Proposed Relief for Cancellation of Debt Income
January 27, 2009
On January 23, Senate Finance Committee Chairman Max Baucus released a markup of the draft “economic stimulus” bill, known as the American Recovery and Reinvestment Act of 2009. A proposal included in that package would permit a taxpayer to defer cancellation of debt income (“COD Income”), making it possible for debtors to repurchase their own debt at a discount without suffering an immediate U.S. federal income tax liability.
Current law requires that a debtor recognize COD Income when its outstanding debt is discharged because the issuer or a related party purchases the debt at a discount or, in some cases, the debt is significantly modified. The amount of COD Income generally is equal to the excess of the amount of debt retired or acquired by a related party and the amount paid, if any, by the debtor or related party to retire or acquire the debt. In the case of an exchange of new debt for existing debt (or a significant modification of debt that is treated as an exchange), the debtor is treated as retiring its “old” debt for an amount equal to the issue price of the new debt. If either the new or the old debt is publicly traded, the issue price of the new debt is the fair market value (i.e., the trading price) of the new or old debt, as applicable, leading to potentially significant amounts of COD Income in the context of distressed debt. Some exceptions to the cancellation of debt rule exist, in particular for bankrupt or insolvent companies, but those companies are required, in lieu of a current inclusion, to reduce their tax attributes (for example, their net operating losses) to the extent of the amount of excluded COD Income.
The Senate Finance Committee proposal would allow a debtor to elect to defer recognition of COD Income where the debtor (or a related person) repurchases for cash, during 2009 or 2010, a debt instrument issued by the debtor. No relief is provided for COD Income realized on an actual or deemed debt-for-debt exchange, or on the issuance of the debtor’s stock in exchange for outstanding debt. As a result, the proposal may be of limited utility for many debtors unless they can obtain financing for the repurchase, which may lead some debtors to attempt to structure what are effectively debt exchanges in the form of cash repurchases. An electing issuer would be required to include in income an amount equal to 25% of the deferred COD Income in each of the four taxable years beginning in the year following the year of the debt repurchase. It is not clear how the existing exceptions to COD Income inclusion would interact with the proposed provision, for example where the debtor becomes bankrupt or insolvent during the four-year deferral period.
Perhaps reflecting some momentum in favor of legislation addressing COD Income, the Senate Finance Committee proposal follows on the heels of a similar bill introduced by Senator John Ensign on January 6 (the “Ensign Proposal”). The Ensign Proposal is more useful, as a practical matter, to many debtors in that it would, if enacted, apply to actual or “deemed” debt-for-debt exchanges and issuances of stock in exchange for debt, as well as cash repurchases. Moreover, while the Senate Finance Committee proposal would only defer COD Income, the Ensign Proposal would exclude it entirely, and would not require a corresponding reduction in the debtor’s tax attributes (unlike the present-law exceptions to COD Income for bankrupt or insolvent debtors). The Ensign Proposal would apply to acquisitions or significant modifications, occurring either in 2009 or 2010, of “applicable financial indebtedness” of a corporation or a partnership engaged in a business other than trading stocks and securities for its own account. “Applicable financial indebtedness” is defined broadly to include debt that is (i) originally issued or syndicated by certain financial institutions, (ii) a security under the Securities Act of 1933, or (iii) traded on an “established market.”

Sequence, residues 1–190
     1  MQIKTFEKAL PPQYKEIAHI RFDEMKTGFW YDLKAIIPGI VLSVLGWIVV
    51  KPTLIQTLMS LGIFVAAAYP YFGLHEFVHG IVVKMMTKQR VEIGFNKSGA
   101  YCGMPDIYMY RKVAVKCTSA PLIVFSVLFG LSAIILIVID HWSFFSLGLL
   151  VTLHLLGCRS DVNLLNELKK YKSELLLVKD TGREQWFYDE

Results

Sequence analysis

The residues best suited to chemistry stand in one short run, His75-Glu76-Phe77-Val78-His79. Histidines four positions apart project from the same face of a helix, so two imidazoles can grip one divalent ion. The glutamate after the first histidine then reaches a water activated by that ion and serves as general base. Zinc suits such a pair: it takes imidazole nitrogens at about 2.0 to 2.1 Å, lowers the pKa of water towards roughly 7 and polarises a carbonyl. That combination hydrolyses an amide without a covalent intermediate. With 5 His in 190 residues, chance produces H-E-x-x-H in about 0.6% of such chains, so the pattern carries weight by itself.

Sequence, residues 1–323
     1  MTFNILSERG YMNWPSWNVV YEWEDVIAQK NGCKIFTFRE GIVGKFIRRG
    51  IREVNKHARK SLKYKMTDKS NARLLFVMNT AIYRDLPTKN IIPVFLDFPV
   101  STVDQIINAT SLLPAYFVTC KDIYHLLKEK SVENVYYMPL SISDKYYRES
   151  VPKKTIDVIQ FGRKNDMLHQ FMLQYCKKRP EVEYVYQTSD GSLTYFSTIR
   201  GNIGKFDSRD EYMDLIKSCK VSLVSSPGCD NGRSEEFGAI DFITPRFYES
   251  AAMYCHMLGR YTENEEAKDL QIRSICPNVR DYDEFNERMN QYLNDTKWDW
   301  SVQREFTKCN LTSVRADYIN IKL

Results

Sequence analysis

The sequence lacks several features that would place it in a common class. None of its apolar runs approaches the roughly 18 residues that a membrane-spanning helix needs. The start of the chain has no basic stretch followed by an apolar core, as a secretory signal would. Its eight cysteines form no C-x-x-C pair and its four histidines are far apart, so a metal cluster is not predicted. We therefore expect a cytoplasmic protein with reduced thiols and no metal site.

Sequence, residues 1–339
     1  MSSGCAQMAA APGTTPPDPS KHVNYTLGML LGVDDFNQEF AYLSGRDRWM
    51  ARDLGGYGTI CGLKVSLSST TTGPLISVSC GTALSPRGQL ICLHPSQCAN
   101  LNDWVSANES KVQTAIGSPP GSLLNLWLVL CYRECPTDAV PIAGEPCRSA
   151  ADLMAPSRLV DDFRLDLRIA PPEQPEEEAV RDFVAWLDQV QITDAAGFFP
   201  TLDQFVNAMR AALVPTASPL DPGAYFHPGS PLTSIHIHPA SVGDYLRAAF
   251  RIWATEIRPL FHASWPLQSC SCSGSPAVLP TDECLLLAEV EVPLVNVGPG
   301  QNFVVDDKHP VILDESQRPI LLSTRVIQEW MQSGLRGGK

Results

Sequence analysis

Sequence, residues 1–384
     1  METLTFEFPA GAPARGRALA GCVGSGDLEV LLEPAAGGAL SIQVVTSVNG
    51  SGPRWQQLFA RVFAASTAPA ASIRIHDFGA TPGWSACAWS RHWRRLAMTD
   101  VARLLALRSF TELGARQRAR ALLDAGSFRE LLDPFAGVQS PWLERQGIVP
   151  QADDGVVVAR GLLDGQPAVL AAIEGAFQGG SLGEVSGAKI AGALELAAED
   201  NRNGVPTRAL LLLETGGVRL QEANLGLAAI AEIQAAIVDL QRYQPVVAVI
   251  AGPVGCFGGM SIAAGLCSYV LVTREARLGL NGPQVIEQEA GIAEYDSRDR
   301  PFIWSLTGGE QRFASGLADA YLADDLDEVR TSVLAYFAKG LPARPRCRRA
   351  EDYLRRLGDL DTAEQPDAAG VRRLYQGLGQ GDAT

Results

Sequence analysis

The Senate Finance Committee proposal is currently scheduled for markup by the Senate Finance Committee on January 27.
If you have any questions about the matters covered in this newsflash, please call your regular Davis Polk contact.
To ensure compliance with requirements imposed by the IRS, we inform you that, unless explicitly provided otherwise, any U.S. federal tax advice contained in this communication (including any attachments) is not intended or written to be used, and cannot be used, for the purpose of (i) avoiding penalties under the Internal Revenue Code or (ii) promoting, marketing or recommending to another party any transaction or matter addressed herein.
1. If a non-U.S. party related to the debtor were to acquire the debt, the Ensign Proposal would broaden the application of the “portfolio interest exemption” to interest paid on the debt in order to make it exempt from the 30% withholding tax that would ordinarily apply (in the absence of a treaty reduction in or elimination of the tax). This proposal is presumably intended to enable profitable foreign affiliates of the debtor to assist in retiring the debtor’s outstanding debt; however, under current law, ownership by a foreign subsidiary of a U.S. affiliate’s debt may in any event give rise to a “deemed dividend” under the Subpart F rules